Funding sought to continue vet unit
By Antonio Ramirez
WINDOW ROCK, September 05, 2013
W uring the fiscal year 2014 budget session, the Navajo Nation Council will determine whether or not to maintain funding necessary to operate a veterinary mobile unit owned by the Foreign Animal Disease Task Force.
The 20th Navajo Nation Council established the FAD Task Force in 2006 to address serious concerns regarding contagious animal diseases.
Of the diseases the FAD Task Force is clashing with is Rocky Mountain Spotted Fever - a "fast-acting" disease that can be transmitted to humans.
The Rickettsia rickettsia bacterium that causes RMSF has the potential to proliferate on reservations as it is found in ticks, including the brown dog tick commonly found on canines. RMSF is transmitted through tick bites, not dog bites.
According to Glenda Davis, who heads the tribe's Veterinary and Livestock Program, people infected by RMSF have health issues for the rest of their lives. If left untreated, the disease can kill a person within 8 days, and it resembles the common cold. To test a person for RMSF physicians must take two separate blood samples, which at times can prove challenging.
As part of a preemptive initiative to prevent the spread of RMSF on the Navajo Nation, the FAD task force invested in the veterinary mobile unit this year.
The roughly $173,000 unit is described as a "surgical suite on wheels" by Davis, who attended the budget session on Tuesday to advocate for the unit.
As of press time, the Council had not yet begun to review the budget as a result of delays regarding quorum and audit information discrepancies. Funding for the unit is currently set to run out on the 30th of this month.
Since 2012, the unit has traveled to 19 communities of the Navajo Nation, and it has provided various services including vaccination shots, flea dips, and animal blood draws along with low-cost spay and neuter operations.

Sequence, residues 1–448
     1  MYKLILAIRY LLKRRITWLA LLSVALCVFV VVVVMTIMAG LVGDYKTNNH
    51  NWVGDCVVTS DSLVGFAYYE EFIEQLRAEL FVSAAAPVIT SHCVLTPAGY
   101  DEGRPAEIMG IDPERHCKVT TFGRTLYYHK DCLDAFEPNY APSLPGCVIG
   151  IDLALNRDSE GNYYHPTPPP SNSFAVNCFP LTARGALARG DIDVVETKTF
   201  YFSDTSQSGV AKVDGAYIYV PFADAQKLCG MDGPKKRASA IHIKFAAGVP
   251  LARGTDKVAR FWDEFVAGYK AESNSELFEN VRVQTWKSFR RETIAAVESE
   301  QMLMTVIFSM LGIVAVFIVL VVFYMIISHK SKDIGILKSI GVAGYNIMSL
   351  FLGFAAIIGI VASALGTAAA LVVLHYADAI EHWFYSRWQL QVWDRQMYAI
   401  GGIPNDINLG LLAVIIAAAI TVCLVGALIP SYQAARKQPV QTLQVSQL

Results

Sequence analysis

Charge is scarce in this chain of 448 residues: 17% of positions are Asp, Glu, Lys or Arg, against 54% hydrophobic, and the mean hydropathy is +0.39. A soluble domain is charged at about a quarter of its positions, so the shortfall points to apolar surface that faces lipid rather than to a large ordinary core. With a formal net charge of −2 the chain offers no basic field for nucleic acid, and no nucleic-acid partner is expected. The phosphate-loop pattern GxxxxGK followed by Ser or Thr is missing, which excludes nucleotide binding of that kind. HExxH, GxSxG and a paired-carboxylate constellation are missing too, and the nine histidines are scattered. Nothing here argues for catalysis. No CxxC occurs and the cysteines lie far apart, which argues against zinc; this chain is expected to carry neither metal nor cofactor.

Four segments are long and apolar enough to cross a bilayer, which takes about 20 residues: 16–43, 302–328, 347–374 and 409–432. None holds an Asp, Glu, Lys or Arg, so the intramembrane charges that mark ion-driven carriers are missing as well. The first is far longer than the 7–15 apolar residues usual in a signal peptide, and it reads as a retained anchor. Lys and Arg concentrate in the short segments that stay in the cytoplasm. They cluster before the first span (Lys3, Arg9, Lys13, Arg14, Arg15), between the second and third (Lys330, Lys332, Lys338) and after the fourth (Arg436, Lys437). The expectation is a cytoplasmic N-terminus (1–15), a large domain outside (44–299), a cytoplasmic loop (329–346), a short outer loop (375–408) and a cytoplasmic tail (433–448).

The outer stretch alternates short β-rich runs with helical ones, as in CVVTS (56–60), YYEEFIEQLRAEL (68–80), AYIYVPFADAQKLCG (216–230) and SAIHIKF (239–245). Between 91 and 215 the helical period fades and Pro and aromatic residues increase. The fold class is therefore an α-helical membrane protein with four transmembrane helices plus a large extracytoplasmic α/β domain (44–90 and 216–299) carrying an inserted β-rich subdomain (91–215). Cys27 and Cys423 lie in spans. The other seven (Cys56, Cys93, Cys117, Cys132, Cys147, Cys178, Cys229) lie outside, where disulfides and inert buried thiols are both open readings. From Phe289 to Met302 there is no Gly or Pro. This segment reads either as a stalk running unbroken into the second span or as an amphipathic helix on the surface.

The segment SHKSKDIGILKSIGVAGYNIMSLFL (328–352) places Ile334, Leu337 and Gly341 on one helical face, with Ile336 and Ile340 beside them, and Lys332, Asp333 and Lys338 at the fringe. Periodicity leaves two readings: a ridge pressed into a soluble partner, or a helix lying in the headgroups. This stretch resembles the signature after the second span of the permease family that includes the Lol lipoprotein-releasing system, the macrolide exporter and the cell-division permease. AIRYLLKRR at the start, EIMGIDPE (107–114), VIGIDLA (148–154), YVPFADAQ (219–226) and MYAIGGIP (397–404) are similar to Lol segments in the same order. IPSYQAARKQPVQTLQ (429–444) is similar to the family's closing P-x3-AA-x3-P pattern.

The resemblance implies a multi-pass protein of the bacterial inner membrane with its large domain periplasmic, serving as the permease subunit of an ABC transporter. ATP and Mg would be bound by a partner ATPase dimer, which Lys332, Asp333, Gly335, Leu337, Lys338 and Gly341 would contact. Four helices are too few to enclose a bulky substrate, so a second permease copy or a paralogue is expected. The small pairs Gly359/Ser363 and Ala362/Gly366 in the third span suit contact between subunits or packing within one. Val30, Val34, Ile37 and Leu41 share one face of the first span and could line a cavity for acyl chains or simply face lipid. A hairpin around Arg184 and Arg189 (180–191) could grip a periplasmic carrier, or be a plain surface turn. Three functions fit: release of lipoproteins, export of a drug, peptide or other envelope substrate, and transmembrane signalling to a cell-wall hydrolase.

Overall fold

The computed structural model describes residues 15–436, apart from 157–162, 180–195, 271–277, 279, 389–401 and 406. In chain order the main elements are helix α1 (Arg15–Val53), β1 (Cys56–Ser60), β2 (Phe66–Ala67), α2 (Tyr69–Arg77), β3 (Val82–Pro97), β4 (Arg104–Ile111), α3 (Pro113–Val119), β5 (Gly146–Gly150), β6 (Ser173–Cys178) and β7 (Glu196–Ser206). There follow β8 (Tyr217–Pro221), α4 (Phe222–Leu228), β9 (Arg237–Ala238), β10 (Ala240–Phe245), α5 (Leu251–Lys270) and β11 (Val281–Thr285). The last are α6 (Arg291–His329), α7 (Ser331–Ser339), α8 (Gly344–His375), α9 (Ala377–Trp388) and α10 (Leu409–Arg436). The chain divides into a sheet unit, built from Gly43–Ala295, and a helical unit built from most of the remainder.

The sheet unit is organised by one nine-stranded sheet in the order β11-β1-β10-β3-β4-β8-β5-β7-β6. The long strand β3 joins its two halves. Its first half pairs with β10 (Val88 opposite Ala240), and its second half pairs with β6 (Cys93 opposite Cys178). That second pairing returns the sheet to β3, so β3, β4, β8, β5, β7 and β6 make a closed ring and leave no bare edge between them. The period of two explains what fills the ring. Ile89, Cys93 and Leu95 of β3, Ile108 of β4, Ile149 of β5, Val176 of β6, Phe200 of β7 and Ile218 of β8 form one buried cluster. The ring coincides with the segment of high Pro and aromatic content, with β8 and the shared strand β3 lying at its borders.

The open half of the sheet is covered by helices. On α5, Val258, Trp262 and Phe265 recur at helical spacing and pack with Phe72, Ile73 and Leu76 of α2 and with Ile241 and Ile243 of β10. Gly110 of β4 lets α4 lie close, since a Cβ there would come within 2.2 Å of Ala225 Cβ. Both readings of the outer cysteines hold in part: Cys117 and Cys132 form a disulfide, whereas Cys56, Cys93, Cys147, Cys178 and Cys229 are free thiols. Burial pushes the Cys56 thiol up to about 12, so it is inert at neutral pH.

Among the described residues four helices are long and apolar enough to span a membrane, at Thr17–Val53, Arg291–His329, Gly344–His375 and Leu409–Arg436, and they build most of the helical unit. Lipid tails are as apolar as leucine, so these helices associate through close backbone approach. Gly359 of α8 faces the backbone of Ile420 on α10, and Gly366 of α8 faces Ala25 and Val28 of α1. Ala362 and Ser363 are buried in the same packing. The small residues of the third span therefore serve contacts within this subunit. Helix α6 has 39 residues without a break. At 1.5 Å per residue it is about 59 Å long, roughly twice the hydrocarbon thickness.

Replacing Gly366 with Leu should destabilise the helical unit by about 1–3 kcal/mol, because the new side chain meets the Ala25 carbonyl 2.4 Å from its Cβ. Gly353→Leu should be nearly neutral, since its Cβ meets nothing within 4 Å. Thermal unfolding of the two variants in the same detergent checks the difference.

Those traveling with the unit have tested 337 dogs for RMSF and found that 54 were positive. Each of the dogs infected with RMSF was treated by the volunteer veterinarians and employees in the unit and is now considered relatively healthy.
More than 1,076 dogs have been vaccinated over the past year, and 312 dogs have been spayed or neutered.
Davis said that the purpose of spaying and neutering is to gradually decrease the roaming and stray dog population on the reservation.
Since 2003, there have been over 250 human cases and 19 deaths because of RMSF. The disease has affected tribes including the Apache, the Tohono O'odham, and the Hopi.
"While there have been no deaths so far [on the Navajo Nation], there have been cases," said Davis.
The unit is scheduled to visit six more sites - Shiprock, St. Michaels, Tuba City, Kayenta, Crownpoint, and Chinle - by September 30th when the funding runs out. Shiprock was the community with the highest number of dogs testing RMSF-positive, 14 total, and as a result the veterinary mobile unit will make another trip to the community.
Davis said, "The disease is still here and it is a public threat."